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"But he never won a Cup."

It's a caveat we've heard countless times in debates about hockey immortality. A player — let's call him "Gike Martner" or "Reremy Joenick" — will have compiled incredible numbers for his career, ranking among the best of his generation in the NHL. But if the rest of his peers have a ring and he doesn't, fans are always going to view it as something between a deficiency and a small-scale travesty.

Every year in the Stanley Cup Playoffs, there's some aging star or beloved grunt trying to win his first Stanley Cup. Raymond Bourque with the Colorado Avalanche. Dave Andreychuk with the Tampa Bay Lightning. Marian Hossa(notes) with the Chicago Blackhawks.

Sometimes, we want to see classic careers, or classy individuals, honored. Other times, we want to see a perpetually snake-bitten player in the postseason, or a player that's slummed with losing teams for the majority of his career, finally experience the ultimate level of success in the NHL.

While the playoff picture hasn't been cemented for the 2011 postseason, we can safely assume some teams are in. Coming up, the 10 players from those playoff teams that haven't won a ring … but that we'd sure like to see hoist the Stanley Cup before they're done.

(Ed. Note: Because there's already backlash on this, we didn't include Iginla because we don't believe the Flames are going to make the cut. Obviously, if the games-played were different and Calgary was in a better position to quality, he'd be top of the list.)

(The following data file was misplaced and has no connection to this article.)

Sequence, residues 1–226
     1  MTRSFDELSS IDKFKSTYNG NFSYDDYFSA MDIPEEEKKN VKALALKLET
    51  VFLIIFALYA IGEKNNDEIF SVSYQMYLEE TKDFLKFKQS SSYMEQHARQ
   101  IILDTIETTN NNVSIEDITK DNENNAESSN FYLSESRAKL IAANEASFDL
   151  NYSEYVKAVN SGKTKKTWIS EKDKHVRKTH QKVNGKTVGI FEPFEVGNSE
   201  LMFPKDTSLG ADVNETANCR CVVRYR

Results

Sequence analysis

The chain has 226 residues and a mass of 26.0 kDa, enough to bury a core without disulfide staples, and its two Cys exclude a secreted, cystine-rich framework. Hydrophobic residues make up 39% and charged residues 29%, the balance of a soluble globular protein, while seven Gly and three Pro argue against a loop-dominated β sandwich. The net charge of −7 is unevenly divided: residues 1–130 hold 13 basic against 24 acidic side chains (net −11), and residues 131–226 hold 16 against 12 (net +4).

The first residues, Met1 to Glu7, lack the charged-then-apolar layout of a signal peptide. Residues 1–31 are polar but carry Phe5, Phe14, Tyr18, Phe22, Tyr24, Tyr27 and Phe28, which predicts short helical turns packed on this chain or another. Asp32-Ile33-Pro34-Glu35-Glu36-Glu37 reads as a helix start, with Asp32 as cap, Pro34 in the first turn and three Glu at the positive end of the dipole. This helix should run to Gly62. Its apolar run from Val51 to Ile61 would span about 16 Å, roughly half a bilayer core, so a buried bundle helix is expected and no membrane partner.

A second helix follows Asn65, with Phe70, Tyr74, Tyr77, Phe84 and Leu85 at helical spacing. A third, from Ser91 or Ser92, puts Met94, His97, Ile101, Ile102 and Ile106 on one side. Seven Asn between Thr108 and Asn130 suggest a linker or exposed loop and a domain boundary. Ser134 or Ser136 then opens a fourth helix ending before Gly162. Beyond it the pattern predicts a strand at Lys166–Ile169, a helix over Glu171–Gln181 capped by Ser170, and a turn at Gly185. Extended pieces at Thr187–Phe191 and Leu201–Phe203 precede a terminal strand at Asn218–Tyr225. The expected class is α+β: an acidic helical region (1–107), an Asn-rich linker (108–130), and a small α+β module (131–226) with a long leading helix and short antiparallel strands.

10. Tomas Kaberle(notes), D, Boston Bruins

Regular and Postseason Games Played: 895 and 77.

Closest Brush with Stanley: The 2001-02 season, in which the Toronto Maple Leafs lost in the Eastern Conference Finals to the Carolina Hurricanes, 4-2. Kaberle had 10 points in 20 games and was a plus-7 to lead the team. Alas, three OT losses to the Canes did the Buds in.

Why He Deserves a Ring: A high-profile defenseman (and potential mercenary) is begrudgingly traded from the only team he's ever known to a legit contender, with the hopes of winning his first Stanley Cup? Hell, it worked for No. 77 ...

9. Sami Salo(notes), D, Vancouver Canucks

Regular and Postseason Games Played: 686 and 74.

Closest Brush with Stanley: In the 2002-03 season, when the Canucks held a 3-1 lead over the Minnesota Wild in the conference semifinals, only to see Jacques Lemaire's boys rally for the seven-game victory. That one hurt. Not this badly, but it hurt.

Why He Deserves a Ring: Because he's the kind of good soldier whose years of service merit that kind of honor. And also because we have a morbid curiousity as to how he'll be injured on his day with the Cup. (Our bet: Drops Stanley on his foot and his groin somehow explodes.)

8. Roman Hamrlik(notes), D, Montreal Canadiens

Regular and Postseason Games Played: 1,305 and 90.

Closest Brush with Stanley: Last postseason during the Canadiens' Halak-led run to the conference finals, before the Philadelphia Flyers dropped the hammer … lick.

Why He Deserves a Ring: Because he's put in his time in the NHL, and hung in there through some lean years -- like when he was minus-a-billion for the Tampa Bay Lightning from 1992-98. Also, it would be nice to see a Top 5 pick from the 1992 Draft win the Cup … and we've stopped waiting for Yashin to come back.

7. Bryan McCabe(notes), New York Rangers

Regular and Postseason Games Played: 1,129 and 51

Closest Brush with Stanley: The 2001-02 Leafs, who fell to the Hurricanes in the conference finals.

Why He Deserves a Ring: Well … er … let's face it, Bryan McCabe doesn't exactly have beloved status around the NHL. He's remembered for gaffes like this and like this. He's remembered for inspiring Facebook fan pages like "How To Spend $7,150,000 Better Than On Bryan McCabe." So maybe that's it. Maybe we'd just like to see the perennial punchline win the Cup. Or, at the very least, play for the Cup and lose it on an own-goal in Game 7.